"Males do not show meiotic recombination, facilitating genetic studies."

For a while I have known that this phenomenon occurs, this quote comes from the Wikipedia page on Drosophila melanogaster, and I frequently use this feature of Drosophila in constructing hemiclones for my own research in quantitative genetics.

But, until now, I have never asked why doesn't recombination happen? Why would this feature evolve?

Further, why is the absence of recombination sex-limited to males, why do females have recombination?


3 Answers 3


This is a venerable fact. Exceptions in D. melanogaster strain Y-007 have been observed and D. ananassae has consistent male cross-overs, but this work dates back to the 1970s.

This Current Biology 2002 paper is not exactly new, but sheds some light on the issue in question.

In male Drosophila melanogaster, meiosis occurs in the absence of recombination or a recognizable synaptonemal complex (SC).

The authors used a GFP-lac fusion to observe a series of sections of the male fly in meiosis with integrated lac - specific binding regions. They see for the most part that the GFP bound segments of the DNA are not associated in cell division. That is, homologous chromosomes physically associate during meiosis (via the SC) and in male drosophila, they do not.

It seems from more recent work, that the details of how this work is still being worked out but several gene regions and factors have been identified. Suspected factors that help conspire to align the various homologous chromosomes are being looked into. Take a look at the P.I.s biblio for more.

This isn't my main field, but as I understand it, many aspects of meiosis are still being mapped out.

As to the question of how this evolved and why; its definitely strange. It looks like there is a gender selected trait where the SC doesn't form in males. Its easy to imagine a mutation that caused males only to lose recombination - the process is so complex its hard to imagine such a trait not showing up.

Still it's surprising to think that the trait has not only survived but become dominant in Drosophila all over the world. To be a common traits to so many Drosophila species, it must have happened more than 10 million years ago. Explanations of the advantages of sexual reproduction often include recombination. Even the human Y chromosome has a self-recombination mechanism that reduces error in the coding regions. As such, its hard to believe that this is not a huge disadvantage for the flies. Still, if if it were such a big deal, you'd imagine Y-007 would have dominated and re-introduced the trait.

The only theory I can think of might be called 'lazy males'; that the males got the females to do one more thing for the offspring and it somehow outcompetes the sperm of the recombining males. Lots of sperm are non-motile; that's a fact for humans, I have no idea what its like for flies that recombine. Take a look at the variance in morphology as well - sperm are really crazy ugly sometimes and a good deal of the mating process is to help weed out the defective ones. Without recombination, might it be that males produce viable sperm at a greater rate, helping them in sperm competition, which I'm sure is the case for fly mating - Drosophila are not monogamous too I'd guess? Anyway that's not a researched idea, just a guess on my part.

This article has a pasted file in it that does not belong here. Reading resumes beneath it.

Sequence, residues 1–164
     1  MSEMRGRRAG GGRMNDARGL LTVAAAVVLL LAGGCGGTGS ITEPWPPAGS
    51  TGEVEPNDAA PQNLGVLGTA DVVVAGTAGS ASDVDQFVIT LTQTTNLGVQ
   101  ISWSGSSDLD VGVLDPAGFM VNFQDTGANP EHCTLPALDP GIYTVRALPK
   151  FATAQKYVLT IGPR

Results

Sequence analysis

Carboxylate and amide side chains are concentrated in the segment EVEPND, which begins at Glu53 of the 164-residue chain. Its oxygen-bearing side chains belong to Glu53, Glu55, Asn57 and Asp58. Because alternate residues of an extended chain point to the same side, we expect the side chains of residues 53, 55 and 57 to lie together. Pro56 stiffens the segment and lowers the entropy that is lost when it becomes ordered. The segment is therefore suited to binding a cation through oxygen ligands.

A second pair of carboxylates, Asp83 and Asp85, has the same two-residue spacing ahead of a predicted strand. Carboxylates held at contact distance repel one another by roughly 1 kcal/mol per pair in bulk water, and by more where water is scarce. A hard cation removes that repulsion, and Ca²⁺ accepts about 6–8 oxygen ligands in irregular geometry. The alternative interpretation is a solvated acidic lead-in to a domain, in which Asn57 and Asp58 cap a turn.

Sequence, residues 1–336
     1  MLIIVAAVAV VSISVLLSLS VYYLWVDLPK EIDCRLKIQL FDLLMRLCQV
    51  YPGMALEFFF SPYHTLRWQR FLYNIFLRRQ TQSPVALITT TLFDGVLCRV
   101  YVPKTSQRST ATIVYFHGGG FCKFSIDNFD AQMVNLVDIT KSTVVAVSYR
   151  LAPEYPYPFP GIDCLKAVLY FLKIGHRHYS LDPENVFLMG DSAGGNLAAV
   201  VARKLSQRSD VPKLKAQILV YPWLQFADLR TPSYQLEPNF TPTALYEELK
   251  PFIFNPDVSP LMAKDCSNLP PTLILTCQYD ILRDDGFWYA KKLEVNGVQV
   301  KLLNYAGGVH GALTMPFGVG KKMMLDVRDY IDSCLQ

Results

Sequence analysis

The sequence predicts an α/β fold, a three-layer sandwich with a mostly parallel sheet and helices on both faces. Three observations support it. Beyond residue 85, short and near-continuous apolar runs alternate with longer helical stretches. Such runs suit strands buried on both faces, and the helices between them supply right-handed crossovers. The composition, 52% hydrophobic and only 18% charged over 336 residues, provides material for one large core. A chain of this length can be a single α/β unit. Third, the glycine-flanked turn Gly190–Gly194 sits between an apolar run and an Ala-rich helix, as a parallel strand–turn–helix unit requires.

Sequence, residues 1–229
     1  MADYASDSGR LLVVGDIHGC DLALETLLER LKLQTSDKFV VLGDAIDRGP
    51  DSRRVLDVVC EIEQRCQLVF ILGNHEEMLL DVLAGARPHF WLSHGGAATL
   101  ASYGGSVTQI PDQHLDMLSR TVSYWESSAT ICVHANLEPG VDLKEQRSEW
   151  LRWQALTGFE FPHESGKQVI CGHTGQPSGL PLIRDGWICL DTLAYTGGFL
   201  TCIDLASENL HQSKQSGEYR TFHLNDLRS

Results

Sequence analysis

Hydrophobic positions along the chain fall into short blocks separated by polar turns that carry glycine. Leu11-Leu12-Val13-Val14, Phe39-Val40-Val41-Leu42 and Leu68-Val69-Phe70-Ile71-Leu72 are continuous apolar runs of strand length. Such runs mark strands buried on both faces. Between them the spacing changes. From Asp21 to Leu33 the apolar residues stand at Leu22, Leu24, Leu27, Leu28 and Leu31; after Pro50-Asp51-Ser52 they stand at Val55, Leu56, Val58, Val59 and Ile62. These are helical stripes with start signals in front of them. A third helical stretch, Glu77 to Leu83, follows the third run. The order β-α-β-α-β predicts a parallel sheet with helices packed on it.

• 1
    $\begingroup$ thanks, this is a good answer so far, could you shed any light as to why that might evolve? $\endgroup$
    – rg255
    Feb 20, 2013 at 7:47
  • $\begingroup$ thanks for asking this question! the answer is I don't know and it seems like a lot of the speculation behind this would be buried into the fly literature pretty deeply. I put a guess into the entry. I'm actually going to write one of the authors and ask them what they think though. It's the sort of question some of us scratch our heads about while a dozen or so talk about the fine points over coffee every day. $\endgroup$
    – shigeta
    Feb 20, 2013 at 14:34
  • 1
    $\begingroup$ @shigeta The link to the "Current Biology 2002 paper" is broken. Do you remember the reference? Thanks $\endgroup$
    – Remi.b
    Jun 26, 2017 at 18:21

To the best of my knowledge there is no strong evidence as to the reason why. The most reasonable explanation seems to be that it evolved as a crude mechanism for preventing recombination of the male sex-chromosome.

You might then ask why a mechanism targeted to the sex-chromosome specifically (as in humans) did not evolve to which I'd suggest that evolution frequently continues with "good enough" solutions where the benefits of apparently better solutions are small or don't involve incremental benefits and note that there is some evidence that lower rates of recombination are beneficial in Drosophila (ref]).


This phenomena is known as achiasmy, where recombination is absent in one sex in a species. The Haldane Huxley rule states that in achiasmic species, the sex without recombination will always be the heterogametic sex (XY or ZW). This is basically the only consistent rule relating to recombination. There seem to be exceptions to every other theory and pattern observed. The Haldane Huxley rule supports the theory that achiasmy evolved to prevent non-homologous recombination between X and Y. However there are species (most mammals) where the X and Y do experience recombination, but recombination is limited to a small part of the chromosomes called the psudo-autosomal region.


You must log in to answer this question.

Not the answer you're looking for? Browse other questions tagged .